Comportamento mecânico de poli(éter-éter-cetona) revestida com hidroxiapatita por aspersão plasma para uso em implantes cirúrgicos
Oliveira, Thiago Patrício de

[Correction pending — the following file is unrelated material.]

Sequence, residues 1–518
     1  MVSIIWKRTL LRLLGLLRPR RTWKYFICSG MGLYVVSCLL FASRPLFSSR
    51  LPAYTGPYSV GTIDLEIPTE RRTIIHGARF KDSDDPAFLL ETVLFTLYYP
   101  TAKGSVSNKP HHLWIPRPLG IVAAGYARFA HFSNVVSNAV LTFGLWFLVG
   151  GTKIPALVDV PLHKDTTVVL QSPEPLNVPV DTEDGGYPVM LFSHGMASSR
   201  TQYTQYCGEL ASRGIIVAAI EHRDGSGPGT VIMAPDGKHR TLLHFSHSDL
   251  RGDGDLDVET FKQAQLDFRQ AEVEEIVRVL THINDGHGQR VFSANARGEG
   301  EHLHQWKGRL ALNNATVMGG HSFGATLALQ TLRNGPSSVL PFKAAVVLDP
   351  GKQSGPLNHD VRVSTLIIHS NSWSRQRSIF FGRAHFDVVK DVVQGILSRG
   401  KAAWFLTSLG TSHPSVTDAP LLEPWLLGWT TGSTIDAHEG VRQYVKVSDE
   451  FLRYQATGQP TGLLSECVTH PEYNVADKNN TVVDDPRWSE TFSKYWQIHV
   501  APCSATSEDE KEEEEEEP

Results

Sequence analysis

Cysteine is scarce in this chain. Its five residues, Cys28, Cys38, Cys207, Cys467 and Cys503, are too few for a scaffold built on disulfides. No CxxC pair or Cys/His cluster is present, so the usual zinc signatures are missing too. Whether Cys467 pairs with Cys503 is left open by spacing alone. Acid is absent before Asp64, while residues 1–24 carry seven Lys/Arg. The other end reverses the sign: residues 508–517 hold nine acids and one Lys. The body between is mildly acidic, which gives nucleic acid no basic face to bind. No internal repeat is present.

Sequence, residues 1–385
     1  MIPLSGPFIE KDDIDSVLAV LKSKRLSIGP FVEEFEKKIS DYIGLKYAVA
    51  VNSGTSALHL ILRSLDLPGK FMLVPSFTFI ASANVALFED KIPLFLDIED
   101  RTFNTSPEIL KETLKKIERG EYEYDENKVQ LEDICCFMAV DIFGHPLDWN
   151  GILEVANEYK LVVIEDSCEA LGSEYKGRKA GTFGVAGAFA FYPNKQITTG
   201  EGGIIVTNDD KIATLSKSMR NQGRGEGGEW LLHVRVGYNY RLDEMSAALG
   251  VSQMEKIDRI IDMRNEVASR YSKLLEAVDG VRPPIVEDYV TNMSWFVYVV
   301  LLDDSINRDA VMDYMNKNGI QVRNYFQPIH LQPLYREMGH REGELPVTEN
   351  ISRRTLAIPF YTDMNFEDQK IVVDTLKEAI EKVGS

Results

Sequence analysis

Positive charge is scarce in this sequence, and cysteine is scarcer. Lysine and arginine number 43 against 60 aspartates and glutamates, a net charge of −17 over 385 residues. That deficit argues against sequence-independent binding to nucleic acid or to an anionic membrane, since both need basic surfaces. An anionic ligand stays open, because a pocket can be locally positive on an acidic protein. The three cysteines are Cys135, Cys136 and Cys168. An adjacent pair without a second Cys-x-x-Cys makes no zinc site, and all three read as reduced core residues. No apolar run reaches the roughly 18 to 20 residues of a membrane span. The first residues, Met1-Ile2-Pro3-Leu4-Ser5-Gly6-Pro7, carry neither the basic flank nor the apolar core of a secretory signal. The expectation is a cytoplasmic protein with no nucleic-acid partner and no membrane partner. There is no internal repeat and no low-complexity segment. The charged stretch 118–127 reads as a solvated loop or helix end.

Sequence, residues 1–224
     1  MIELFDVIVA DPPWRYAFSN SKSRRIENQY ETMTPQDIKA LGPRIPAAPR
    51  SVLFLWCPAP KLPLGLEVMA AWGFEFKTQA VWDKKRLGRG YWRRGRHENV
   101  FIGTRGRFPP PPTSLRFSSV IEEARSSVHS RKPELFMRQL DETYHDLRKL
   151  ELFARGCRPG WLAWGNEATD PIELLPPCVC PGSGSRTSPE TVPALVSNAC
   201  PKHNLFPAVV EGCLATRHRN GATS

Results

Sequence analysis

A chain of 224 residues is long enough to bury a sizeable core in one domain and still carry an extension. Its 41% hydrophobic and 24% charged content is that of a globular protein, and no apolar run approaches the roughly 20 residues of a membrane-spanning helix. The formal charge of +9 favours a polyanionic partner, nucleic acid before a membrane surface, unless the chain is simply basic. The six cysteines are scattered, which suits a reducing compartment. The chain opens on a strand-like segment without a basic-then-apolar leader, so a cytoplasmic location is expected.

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The remarkable advances in scientific research of materials for ever demanding service requirements has led to novel developments of biomaterials, especially in the field of surgical implants. In this field, the semi-crystalline thermoplastic PEEK (poly-ether-ether-ketone) has been selected as one of the most suitable for orthopaedic applications. Due to its excellent short and long term mechanical properties and also associated to its elastic modulus compatibility with that of the human bone, the polymer safely fulfills the mechanical and biological requirements for injection moulded implants with complex design. However, as also verified with metallic implants, the PEEK osteointegration is slow and, therefore, can be enhanced with bioactive ceramics coatings of hydroxyapatite (HA), obtained mostly using plasma spray technique. However, as the high temperatures related to the plasma process can impair significantly its mechanical performance, this study aims to investigate the influence of the plasma spray process on the mechanical fatigue behaviour of injection moulded PEEK coated with HA. Using mechanical test specimens with three distinct treatments: (i) PEEK as molded, (ii) PEEK with thermal plasma shock and (iii) HA plasma coated PEEK, several characterization techniques, which include X-ray diffraction, differential scanning calorimetry (DSC), short-term tensile and flexural tests, dynamic-mechanical thermal analysis (DMTA) and deformation-controlled flexural fatigue tests were performed. The quality of HA coating was considered adequate, as identified by X-ray and SEM analysis. The experimental data on the main mechanical characterization of HA coated PEEK, demonstrated that the plasma treatment contributes to a significant increase in the short-term flexural elastic modulus and strength properties and also reduces the stress relaxation rate (residual stress) during the fatigue cycling up to one million cycles. These increases in the flexural stiffness and residual fatigue stress of PEEK are induced by a increase in the polymer crystallinity content and the presence of additional thermal residual surface stresses on the PEEK surface exposed to the plasma thermal shock, as identified by DSC and DMTA analysis.